Down to earth Stockport lass Tess started her career as a model, before getting her break as a television presenter on Channel 4’s The Big Breakfast, hosting their “Find Me A Model” segment and then took over as presenter of children’s Saturday morning show SM:tv after Ant & Dec left.
In 2003, Tess married television presenter and DJ, Vernon Kay, and in early 2004, Tess co-hosted the first series of Strictly Come Dancing alongside Bruce Forsyth. She had to miss the first half of the second series of Strictly, as she was on maternity leave with series one winner Natasha Kaplinksy holding the fort, but not long after daughter Phoebe was born, Tess returned to the programme, and has co-hosted the programme ever since.
After the success of Strictly, Tess and husband Vernon teamed up to co-host another celebrity reality show, Just The Two Of Us, a singing version of Strictly where celebrities teamed up with pop stars to learn to sing, and in 2008, another prime-time presenting role came her way in the form of the National Lottery game show This Time Tomorrow.
Claudia originally presented Strictly Come Dancing: It Takes Two, the BBC 2 weekday sister show to Strictly, but is now the co-host of the main show along with Tess. After graduating from Cambridge University with an MA in History of Art, Claudia’s first major job in television was on regional programme Central Weekend. Her career moved onto national television in programmes such as Holiday and This Morning, before she moved onto presenting shows on digital television channels. Far from being a backwards move, these specialist channels and programmes gave her the freedom to develop and flourish with her own style of presenting, and led her to the daily entertainment news show Liquid News on BBC Three.
In 2003, she hosted the Fame Academy sister show on BBC Three which gave behind the scenes news and interviews with contestants and celebrities – sound familiar? It was a great success, and Claudia was the obvious choice to host the new sister show for the new Saturday night phenomenon that was Strictly Come Dancing.
Claudia’s role on It Takes Two was to be the voice of the audience, and ask all the questions that the viewers want answers to. Her informal style of presentation allows the interviewees to relax, as well as bringing a sense of fun to the programme. Freely admitting she has no technical knowledge or expertise as dancing, she is brave enough to take part in the hugely successful segment, “Len’s Masterclass”, dealing not only with attempting to dance in fabulous, but ridiculously inappropriate, shoes, but also with head judge Len Goodman’s unique style of teaching – trying to make her laugh with innuendo or chastising her with strange names (”Fungus features” being one of his favourites).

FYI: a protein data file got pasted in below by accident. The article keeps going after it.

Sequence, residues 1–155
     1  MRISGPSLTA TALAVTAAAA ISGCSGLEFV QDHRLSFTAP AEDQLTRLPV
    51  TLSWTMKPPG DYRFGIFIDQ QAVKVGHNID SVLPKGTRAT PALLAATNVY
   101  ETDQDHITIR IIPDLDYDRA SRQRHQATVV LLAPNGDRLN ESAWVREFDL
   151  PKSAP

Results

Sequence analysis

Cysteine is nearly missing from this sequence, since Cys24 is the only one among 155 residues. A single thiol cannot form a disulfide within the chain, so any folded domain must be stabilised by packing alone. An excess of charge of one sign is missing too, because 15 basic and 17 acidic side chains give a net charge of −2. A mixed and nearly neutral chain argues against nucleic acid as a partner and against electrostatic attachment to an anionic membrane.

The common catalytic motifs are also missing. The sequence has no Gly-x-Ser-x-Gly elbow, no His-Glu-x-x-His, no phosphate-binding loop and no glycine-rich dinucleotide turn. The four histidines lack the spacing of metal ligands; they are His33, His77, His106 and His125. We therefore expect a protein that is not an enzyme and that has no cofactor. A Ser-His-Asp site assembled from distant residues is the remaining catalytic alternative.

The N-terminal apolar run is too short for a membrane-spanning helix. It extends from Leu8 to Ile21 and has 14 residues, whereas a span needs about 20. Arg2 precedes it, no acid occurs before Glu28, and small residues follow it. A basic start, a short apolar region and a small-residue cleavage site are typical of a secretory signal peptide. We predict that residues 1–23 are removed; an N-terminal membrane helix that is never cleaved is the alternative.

After competing in series three of Strictly Come Dancing (you can see her dance results page here), Zoe came back to the show to take over hosting It Takes Two after Claudia stepped down following the birth of her third child. Alongside her Strictly role, Zoe has had her own Radio 2 early Saturday morning show, as well as standing in for regular presenters when required, including Ken Bruce and Chris Evans, and has also provided cover for Simon Mayo on 5 Live film review show.
JUSTIN LEE COLLINS
Born and bred in Bristol, Justin started his career as a stand-up comedian, but it was really only as a vehicle to get into his current career as a television presenter. In 1997, he reached the finals of the BBC New Comedy Awards which led to him getting his first television show with MTV, and then worked for XFM radio, hosting a late night Sunday programme, but it was presenting the crossover Strictly Come Dancing weekday show on BBC Three, that started to get him wider public and industry recognition. When the programme moved to BBC Two, Claudia Winkleman took over, but by now Justin had moved to Channel 4, and was headlining the Bring Back occasional specials, which have included Grange Hill and The A Team, before joining Alan Carr to present the acclaimed The Friday Night Project and The Sunday Night Project shows.
Natasha was one of the presenters of the BBC Breakfast show on BBC One when she won the first series of Strictly (you can see her dance results page here), and when Tess went on maternity leave, Natasha co-hosted the main show with Bruce Forsyth for the first half of Series 2.
SIR BRUCE FORSYTH
The quintessential entertainer, Bruce was born in London in 1928, and started his career as a child in theatre but didn’t hit the big time until 1958 when he was hosted the weekly television variety showSunday Night At The London Palladium. His career went from strength to strength, and in the 1970’s he hosted the extremely popular gameshow The Generation Game, and went on to present others, including You Bet! and Play Your Cards Right. After an appearance as guest host on BBC panel show Have I Got News For You, his career was revitalised and led to discussions with producers about bringing a variety inspired programme back to family Saturday night viewing, andStrictly Come Dancing was born!
As a stalwart of British entertainment, Bruce was awarded the OBE in 1998 and the CBE in 2006, then received his knighthood in 2011 becoming Sir Bruce Forsyth. In 2008 received the highest accolade given by the British Academy of Film and Television at their annual awards (BAFTA’s), the Academy Fellowship. Bruce was the host of Strictly until the end of Series 11, and continued to host the Christmas Special and other Strictly charity spin-offs for Comic Relief, Sport Relief, etc.
Bruce passed away in August 2017, and Strictly paid tribute to him in the 2017 launch show: